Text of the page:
So I’ve always liked Jonathan Rauch and regarded him as sometimes singularly in touch with the facts. Here’s one example: For the most obvious reason, he’s all for same-sex marriage, but he knows it’s better for everyone if the courts stay out of the struggle.
Here’s another —the best summary around of the bad and getting-worse situation for working-class men (men who do predominately physical—as opposed to mental—labor).
A Marxist would say that what we have here is a problem of capitalism. Everything that follows is an exaggeration, but it still is all about issues that Republicans are going to have to become more attuned to:
1. Mental labor is getting worth more, physical labor less.
2. Those who excel at mental labor are disconnecting themselves progressively more thoroughly from those who don’t.
4. The wages of the working class are moving toward mere subsistence. And so (this is not so Marxist) the incentive to work is diminishing. Our “capitalists” allow “the proletariat” not to work through keeping them alive with minimalist entitlements—which, of course, cleverly fend off revolution by keeping them from hating too much the existing division of labor. Still, it’s obvious that the benefits of our relative prosperity are trickling down less well all the time.
5. So the conditions that sustain ordinary families are imploding. Say what you will about UNIONS, they were about protecting a “family wage.” But, for reasons a Marxist could easily explain, UNIONS are toast, victims of globalization, the imperatives of the division of labor, and our (predictable) lack of “economic patriotism.” The disappearance of UNIONS is pretty darn ambiguous as a new birth of freedom. It’s true that the result might be more jobs, but at lower wages.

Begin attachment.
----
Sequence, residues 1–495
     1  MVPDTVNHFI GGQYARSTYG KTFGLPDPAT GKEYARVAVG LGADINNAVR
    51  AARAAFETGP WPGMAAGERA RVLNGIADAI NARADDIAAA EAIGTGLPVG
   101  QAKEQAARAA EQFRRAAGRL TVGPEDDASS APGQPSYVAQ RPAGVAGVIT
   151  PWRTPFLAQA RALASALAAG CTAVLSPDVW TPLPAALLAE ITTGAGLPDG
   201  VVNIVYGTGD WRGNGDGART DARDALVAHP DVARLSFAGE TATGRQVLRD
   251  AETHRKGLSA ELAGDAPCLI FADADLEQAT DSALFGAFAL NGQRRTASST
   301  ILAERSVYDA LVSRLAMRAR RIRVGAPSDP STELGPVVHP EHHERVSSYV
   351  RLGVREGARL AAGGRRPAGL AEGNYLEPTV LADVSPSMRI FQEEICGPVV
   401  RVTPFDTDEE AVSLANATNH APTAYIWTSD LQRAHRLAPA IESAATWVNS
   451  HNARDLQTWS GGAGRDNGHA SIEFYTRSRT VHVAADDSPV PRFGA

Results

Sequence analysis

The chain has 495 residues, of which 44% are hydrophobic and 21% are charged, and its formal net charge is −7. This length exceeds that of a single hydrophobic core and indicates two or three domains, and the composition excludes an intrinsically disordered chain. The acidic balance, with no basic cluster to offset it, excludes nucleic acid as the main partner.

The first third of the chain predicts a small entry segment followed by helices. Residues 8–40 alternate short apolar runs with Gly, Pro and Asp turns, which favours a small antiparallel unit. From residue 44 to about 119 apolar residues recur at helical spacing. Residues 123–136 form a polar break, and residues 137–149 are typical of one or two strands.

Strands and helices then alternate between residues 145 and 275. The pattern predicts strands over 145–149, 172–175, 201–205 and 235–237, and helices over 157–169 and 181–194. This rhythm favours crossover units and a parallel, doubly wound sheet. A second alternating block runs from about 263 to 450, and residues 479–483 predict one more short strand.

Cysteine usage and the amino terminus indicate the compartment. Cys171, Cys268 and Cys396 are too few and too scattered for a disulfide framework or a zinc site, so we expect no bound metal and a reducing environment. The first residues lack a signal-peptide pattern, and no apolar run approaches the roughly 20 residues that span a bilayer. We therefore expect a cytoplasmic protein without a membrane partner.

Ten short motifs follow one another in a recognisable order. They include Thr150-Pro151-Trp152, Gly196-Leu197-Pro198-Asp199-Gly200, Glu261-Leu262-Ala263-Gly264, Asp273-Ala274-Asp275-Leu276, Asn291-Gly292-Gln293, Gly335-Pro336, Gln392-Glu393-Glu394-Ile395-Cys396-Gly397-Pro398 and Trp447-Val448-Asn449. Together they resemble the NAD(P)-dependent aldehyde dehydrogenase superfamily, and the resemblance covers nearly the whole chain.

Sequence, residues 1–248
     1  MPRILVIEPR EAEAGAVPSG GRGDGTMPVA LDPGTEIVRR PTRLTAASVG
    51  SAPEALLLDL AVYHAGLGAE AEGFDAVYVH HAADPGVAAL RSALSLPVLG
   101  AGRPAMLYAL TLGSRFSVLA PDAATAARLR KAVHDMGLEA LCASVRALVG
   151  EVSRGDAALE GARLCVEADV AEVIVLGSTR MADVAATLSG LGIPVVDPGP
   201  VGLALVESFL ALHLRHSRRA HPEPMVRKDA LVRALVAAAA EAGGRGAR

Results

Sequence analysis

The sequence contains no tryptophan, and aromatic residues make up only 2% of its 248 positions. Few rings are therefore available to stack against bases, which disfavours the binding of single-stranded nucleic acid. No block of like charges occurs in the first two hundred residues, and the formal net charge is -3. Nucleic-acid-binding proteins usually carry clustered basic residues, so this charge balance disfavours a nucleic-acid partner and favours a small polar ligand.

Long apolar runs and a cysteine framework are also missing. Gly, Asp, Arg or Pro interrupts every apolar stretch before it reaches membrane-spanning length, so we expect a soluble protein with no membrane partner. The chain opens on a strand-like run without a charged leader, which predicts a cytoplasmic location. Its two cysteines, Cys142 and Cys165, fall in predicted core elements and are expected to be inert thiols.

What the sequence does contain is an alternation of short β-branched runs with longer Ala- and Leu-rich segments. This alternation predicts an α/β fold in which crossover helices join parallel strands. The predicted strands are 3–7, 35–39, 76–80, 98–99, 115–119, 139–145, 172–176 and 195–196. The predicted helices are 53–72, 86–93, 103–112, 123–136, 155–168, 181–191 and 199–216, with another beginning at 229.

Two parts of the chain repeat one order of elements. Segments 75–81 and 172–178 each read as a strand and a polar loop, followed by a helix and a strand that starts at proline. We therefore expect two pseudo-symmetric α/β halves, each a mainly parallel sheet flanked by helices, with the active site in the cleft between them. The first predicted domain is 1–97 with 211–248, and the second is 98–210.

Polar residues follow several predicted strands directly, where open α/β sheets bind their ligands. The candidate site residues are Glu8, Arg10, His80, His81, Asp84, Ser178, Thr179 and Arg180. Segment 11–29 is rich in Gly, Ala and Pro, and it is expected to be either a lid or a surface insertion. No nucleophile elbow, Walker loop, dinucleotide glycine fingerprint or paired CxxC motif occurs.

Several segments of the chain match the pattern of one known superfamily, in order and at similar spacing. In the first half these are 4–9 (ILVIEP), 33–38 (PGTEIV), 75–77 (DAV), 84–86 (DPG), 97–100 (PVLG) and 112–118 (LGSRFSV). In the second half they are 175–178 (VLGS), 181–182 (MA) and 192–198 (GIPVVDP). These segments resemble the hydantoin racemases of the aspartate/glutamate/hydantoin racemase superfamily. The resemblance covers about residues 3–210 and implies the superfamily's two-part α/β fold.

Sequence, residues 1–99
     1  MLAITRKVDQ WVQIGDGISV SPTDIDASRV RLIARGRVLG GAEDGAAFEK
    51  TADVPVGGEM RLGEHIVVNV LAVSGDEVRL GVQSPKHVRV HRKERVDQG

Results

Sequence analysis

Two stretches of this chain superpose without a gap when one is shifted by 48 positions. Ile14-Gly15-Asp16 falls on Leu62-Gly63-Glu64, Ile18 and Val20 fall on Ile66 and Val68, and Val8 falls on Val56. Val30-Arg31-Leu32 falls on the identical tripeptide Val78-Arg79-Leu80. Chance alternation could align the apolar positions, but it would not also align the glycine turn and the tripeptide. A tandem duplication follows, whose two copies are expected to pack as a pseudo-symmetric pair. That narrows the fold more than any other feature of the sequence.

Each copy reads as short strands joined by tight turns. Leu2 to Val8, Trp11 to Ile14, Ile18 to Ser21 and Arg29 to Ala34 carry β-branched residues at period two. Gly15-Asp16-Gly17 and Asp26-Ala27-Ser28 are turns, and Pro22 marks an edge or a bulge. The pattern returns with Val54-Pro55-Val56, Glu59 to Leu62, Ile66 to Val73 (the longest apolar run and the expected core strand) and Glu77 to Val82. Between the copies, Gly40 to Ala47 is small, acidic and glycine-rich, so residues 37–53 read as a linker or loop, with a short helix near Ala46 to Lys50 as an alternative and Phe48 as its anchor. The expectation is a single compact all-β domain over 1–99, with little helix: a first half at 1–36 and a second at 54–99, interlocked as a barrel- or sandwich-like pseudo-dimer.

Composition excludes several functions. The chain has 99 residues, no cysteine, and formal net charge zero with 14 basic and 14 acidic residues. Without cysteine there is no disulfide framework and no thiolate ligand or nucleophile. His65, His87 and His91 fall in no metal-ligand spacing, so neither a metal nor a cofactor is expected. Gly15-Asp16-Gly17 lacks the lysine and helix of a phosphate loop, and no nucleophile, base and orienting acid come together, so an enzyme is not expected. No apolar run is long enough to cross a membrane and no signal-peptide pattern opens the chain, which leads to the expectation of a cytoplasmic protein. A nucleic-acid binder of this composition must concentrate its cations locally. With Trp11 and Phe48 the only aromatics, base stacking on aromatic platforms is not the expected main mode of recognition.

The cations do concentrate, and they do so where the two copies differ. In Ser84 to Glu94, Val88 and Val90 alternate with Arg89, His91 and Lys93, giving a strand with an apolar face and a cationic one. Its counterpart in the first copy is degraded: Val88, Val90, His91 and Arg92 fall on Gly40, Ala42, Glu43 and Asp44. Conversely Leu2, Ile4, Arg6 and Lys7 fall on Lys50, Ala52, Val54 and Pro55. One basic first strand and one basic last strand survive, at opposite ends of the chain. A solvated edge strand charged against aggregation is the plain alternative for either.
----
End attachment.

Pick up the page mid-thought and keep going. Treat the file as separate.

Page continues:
6. Men are especially hard hit. Their work has been dishonored. Broken families make fatherhood increasingly superfluous. Men still have “traditional values,” but they are finding it harder to live according to who they think they are. Meanwhile, those who excel at mental labor are flourishing in relatively traditional families. Their lives are better than their “bourgeois bohemian” values.
7. The various solutions Rauch puts forward all seem pretty lame. Eliminating entitlements would hardly address the big problem. Neither would some scheme that would give everyone (an increasingly worthless) college degree. Both LOVE and WORK, the keys to living well, need to be more honored and more sustainable. And the most repulsive trend might be the condescending NONJUDGMENTALISM of those who excel at mental labor toward ordinary people and their struggles. I’m not a Marxist because I’m not an economic determinist, and I don’t think the world “capitalism” is all that empirical. Nonetheless, there are things to think about here.